About this time last year, I wrote an impassioned editorial refuting Donovan Wheeler’s callous claims that the NFL was basically a 32 team brothel designed to take football fans’ money and time by extolling the virtues of the Colts as a unifying force for the community. Three quarterbacks and nine games later and I’m ready to cry or beg or scream, if I could only find the energy. In 2017, I’ve learned that it’s much easier to praise a team that is pounding out the Ws or at least giving the fans hope that a W is on the way. For the devoted Colts fans, I can only liken this season to going through the five stages of grief.
Stage 1 – Denial
Andrew Luck underwent what Jim Irsay described as an “outpatient” procedure on his shoulder in January 2017. There were assurances that Luck would be able to play when the regular season started. Three months later, Luck confirmed that he’d be playing in the regular season. Over the summer, Luck was placed on and removed from the Physically Unable to Perform (PUP) list. But still, I remained optimistic…Even in the face of the addition of quarterback Jacoby Brissett prior to the start of the regular season. Because even if Andrew Luck didn’t play in the first game or two, we’d be fine, right? Irsay and Luck both told us that Luck would be back, so everything was fine.
Stage 2 – Anger
And then Scott Tolzien started in the regular season against the Rams and the Colts lost 46 to 9. Okay, that’s fine. Some adjustments needed to be made. That could be done. Jacoby started the next game and has been starting ever since. The Colts went 1-1 over the next two closely scoring games and then they played the Seahawks. The Colts were up by five points at the half and then in the second half, they got skunked. The Colts offense was done and the final score was Seahawks, 46-18. There has been a long-standing simmering anger amongst Colts fans regarding the inability of the offensive line to protect the quarterback and Chuck Pagano’s questionable decisions in making second half adjustments. After a combination of sacks and turnovers led to a 30 minute massacre, the Colts fans were not happy.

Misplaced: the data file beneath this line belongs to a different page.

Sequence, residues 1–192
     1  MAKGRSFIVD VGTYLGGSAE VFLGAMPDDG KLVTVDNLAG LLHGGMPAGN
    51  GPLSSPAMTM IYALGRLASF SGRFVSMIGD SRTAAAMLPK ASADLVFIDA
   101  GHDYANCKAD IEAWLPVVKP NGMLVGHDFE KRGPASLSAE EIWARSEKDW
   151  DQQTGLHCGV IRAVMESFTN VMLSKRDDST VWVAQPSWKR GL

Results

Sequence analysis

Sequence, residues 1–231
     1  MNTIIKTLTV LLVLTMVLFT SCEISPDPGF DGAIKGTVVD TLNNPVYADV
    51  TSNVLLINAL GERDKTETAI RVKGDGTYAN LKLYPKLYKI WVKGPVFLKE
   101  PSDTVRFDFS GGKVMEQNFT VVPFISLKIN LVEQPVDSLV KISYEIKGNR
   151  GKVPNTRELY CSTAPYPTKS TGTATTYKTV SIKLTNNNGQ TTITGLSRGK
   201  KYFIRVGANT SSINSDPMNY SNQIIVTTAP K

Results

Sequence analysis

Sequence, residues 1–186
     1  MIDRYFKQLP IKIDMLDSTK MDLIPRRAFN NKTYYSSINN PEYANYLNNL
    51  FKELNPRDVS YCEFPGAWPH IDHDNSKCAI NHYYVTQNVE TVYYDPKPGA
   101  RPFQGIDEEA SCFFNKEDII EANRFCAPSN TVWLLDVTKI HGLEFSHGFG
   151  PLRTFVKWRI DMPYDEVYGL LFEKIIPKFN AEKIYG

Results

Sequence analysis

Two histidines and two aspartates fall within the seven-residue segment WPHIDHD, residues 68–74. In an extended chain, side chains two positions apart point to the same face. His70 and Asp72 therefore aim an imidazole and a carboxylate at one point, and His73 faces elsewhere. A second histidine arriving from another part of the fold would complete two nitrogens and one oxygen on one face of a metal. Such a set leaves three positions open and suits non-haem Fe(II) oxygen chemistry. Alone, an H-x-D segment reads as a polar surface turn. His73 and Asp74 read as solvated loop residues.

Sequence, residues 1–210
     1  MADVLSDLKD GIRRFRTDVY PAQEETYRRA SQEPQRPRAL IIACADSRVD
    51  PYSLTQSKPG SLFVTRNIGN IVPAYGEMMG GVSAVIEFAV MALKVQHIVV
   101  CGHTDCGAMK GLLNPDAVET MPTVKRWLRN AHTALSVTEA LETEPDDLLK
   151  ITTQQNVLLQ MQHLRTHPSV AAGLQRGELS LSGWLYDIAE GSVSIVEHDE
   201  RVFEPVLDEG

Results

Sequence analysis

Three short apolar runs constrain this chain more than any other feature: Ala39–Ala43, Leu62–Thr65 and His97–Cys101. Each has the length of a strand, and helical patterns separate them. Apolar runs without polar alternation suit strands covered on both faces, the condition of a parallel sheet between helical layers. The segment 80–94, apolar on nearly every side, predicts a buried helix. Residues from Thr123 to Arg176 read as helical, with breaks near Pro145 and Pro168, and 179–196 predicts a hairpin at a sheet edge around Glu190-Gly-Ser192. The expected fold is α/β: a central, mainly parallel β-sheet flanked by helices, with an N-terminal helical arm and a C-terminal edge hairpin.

The anger was briefly tempered by the Colts eeking out a three point win against the 49ers. But that was just a temporary distraction until the Colts lost to AFC South rival, the Tennessee Titans, in the next game. Meanwhile, while Colts fans were under the impression that while Luck’s return may not be imminent, it was coming in the regular season. Pagano assured us that Andrew was doing more in practice to imply that he was coming along in his recovery. That is, until Matt Hasselbeck, former back-up Colts quarterback, said Luck “wasn’t close” on ESPN. Wait, what?
And then the Colts played the Jacksonville Jaguars. The never-won-a-Superbowl, just-mark-this-down-as-a-W Jaguars. And the Colts. Got. Creamed. Not just creamed, humiliated in a shut-out, 27-0. While most Colts fans (this author included) like Pagano as a person, we wanted his head to roll. The days of letting Pagano off the hook because he took the blame for the team’s loss were gone. No Colts fans wanted to hear the Pagano adage that the Colts need to just keep “chopping wood” and the winning tree would eventually fall. It was time for a change.
Stage 3 – Bargaining